You may be right. But I made the offer very attractive, with no requirement to recoup my costs or my time and all they need to do is come up with the bare minimum the site needs to operate (hosting and the license for the forum software it used, as the previous owner did not include that in the sale and will use it on another forum).
If that has no chance of being accepted then they had no chance of keeping their forum anyway. After all, if nobody else is willing to pay for it the forum would go offline. And in that context this isn't that bad of an alternative, and it's why we will continue to merge forums. At those sizes they just aren't very viable and the network effect and economy of scale of merging can keep a forum online that otherwise wouldn't be, and can help us by making us more diverse and active.
Not everyone will like it (like you, for example, no matter what it is) but that is par for the course. You can't please everyone, and in a forum of 10 people you are liable to have 25 opinions on how the forum should work and just about any
change to a social site generates a bunch of agita. That is just how these things work. For example, every Facebook interface change generates hundreds of thousands of users claiming they hate it and that their use will decline (funny thing is, on able2know a lot of the users I've checked actual stats on for this kind of claim are not accurately accessing their own usage and their use pattern usually remains the same and sometimes even shows growth).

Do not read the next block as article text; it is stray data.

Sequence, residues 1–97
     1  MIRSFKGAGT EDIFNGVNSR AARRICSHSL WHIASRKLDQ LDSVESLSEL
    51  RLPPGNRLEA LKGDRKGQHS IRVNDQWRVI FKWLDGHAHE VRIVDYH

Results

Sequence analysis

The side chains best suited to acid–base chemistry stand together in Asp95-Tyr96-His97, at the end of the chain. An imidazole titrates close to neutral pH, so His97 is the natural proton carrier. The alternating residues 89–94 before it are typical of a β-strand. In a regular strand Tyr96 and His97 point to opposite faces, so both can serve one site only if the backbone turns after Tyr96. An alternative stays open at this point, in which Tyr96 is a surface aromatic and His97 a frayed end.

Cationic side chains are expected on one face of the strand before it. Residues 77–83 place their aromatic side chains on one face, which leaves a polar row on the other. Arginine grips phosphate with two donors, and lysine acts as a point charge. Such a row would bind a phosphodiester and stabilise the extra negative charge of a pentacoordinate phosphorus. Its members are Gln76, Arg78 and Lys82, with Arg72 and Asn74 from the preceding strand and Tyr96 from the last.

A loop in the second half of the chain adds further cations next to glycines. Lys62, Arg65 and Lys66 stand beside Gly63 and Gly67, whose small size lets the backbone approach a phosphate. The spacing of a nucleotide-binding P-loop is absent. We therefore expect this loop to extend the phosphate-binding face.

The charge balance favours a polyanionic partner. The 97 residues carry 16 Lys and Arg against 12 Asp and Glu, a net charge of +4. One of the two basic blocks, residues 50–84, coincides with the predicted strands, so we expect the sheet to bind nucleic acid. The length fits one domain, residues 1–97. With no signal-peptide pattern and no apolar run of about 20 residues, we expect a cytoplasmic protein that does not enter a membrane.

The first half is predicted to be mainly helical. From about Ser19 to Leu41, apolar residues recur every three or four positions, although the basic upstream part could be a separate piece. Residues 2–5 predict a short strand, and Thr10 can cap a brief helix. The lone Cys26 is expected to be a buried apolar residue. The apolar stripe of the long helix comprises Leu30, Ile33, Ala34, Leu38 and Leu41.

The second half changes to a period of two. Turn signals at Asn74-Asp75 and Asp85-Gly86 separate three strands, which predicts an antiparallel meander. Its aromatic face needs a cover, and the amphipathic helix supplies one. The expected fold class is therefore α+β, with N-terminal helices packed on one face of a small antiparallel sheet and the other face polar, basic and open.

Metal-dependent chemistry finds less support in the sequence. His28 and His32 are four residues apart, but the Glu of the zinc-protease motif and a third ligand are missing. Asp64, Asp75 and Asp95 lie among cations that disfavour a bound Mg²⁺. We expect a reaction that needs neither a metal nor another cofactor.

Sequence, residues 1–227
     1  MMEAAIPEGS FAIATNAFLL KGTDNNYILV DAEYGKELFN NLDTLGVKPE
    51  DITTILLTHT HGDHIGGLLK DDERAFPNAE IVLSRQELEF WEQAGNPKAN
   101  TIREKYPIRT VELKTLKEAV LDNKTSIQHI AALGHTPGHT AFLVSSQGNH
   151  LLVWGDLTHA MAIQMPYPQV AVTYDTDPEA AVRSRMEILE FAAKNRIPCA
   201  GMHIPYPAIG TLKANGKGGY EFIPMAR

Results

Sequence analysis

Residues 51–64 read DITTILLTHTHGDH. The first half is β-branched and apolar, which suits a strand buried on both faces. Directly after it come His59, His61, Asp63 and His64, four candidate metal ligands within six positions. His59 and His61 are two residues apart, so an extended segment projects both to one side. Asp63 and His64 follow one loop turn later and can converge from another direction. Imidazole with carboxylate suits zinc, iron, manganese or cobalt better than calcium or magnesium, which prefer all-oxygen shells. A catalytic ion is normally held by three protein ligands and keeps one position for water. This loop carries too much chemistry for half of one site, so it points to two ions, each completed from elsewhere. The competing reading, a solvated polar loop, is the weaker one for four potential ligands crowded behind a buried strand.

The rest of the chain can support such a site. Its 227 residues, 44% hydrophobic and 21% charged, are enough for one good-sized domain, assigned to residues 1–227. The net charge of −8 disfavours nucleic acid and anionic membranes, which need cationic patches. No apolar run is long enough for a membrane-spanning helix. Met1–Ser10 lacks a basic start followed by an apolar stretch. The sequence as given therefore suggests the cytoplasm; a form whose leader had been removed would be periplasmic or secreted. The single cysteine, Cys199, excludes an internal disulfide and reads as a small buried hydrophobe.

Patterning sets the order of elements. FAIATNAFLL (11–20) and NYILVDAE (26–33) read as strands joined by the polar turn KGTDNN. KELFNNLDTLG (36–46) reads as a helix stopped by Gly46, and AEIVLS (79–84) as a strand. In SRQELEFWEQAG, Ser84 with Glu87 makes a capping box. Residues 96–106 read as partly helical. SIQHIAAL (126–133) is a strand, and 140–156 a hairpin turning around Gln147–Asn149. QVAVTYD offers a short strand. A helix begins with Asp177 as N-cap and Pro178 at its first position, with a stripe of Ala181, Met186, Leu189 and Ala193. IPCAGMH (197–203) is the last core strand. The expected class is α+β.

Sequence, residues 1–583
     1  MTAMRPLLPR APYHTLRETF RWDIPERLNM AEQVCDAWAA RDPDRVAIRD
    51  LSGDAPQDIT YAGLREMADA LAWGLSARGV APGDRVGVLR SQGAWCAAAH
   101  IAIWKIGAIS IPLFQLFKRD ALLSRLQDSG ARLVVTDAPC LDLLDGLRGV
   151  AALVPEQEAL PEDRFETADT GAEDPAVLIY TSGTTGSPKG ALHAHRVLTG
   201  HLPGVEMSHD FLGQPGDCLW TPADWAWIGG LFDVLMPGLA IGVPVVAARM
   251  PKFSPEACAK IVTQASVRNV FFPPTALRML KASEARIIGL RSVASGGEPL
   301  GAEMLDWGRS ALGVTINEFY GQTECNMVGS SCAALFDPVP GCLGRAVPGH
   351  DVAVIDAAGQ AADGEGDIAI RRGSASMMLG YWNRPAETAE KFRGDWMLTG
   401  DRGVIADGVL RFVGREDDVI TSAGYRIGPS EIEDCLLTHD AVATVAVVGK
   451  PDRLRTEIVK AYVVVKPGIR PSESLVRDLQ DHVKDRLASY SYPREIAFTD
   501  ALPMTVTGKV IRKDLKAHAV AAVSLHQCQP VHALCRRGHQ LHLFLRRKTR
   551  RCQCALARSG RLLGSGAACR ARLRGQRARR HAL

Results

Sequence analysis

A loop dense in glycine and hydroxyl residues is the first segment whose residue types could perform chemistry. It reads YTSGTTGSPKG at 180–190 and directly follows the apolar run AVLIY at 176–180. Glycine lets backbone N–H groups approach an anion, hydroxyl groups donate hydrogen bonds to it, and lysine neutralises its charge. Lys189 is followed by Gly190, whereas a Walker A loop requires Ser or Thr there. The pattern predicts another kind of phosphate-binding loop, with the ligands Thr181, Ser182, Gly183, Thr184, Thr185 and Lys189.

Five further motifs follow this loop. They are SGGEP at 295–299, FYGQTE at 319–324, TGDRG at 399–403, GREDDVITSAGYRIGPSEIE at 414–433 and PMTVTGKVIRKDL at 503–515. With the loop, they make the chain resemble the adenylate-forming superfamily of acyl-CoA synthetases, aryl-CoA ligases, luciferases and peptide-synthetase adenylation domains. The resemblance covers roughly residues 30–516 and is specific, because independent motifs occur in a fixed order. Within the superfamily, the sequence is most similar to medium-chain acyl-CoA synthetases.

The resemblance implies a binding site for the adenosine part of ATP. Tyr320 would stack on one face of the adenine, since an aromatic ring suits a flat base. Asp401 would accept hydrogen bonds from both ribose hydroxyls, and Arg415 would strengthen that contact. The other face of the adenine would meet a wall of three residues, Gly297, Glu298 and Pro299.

The ones who complain often don't realize that the ones who aren't upset aren't making noise, so they often falsely assume that their reaction is universal (like your royal, if nebulous "we"). Thing is, my goal here is to grow
community, and I am a user myself. I eat my own dog food
, and am my own client. So my motivations are largely aligned with the users. I want to see community viability. The disagreements are about how to achieve it.
And in making such decisions taking feedback from the community is important, but the best feedback from the users is the actual data on use
. Vocal critics can skew the narrative and be absolutely convinced they are right about how the forum should run but I prefer, instead, to listen to empirical data and broader feedback than the self-proclaimed forum revolutionaries. If the data showed that you were right in your claims about the site I'd have reacted long ago. But it doesn't and folks like you are just very vocal, and consistently incorrect, critics. And these will always be with us, and the show must go on despite them.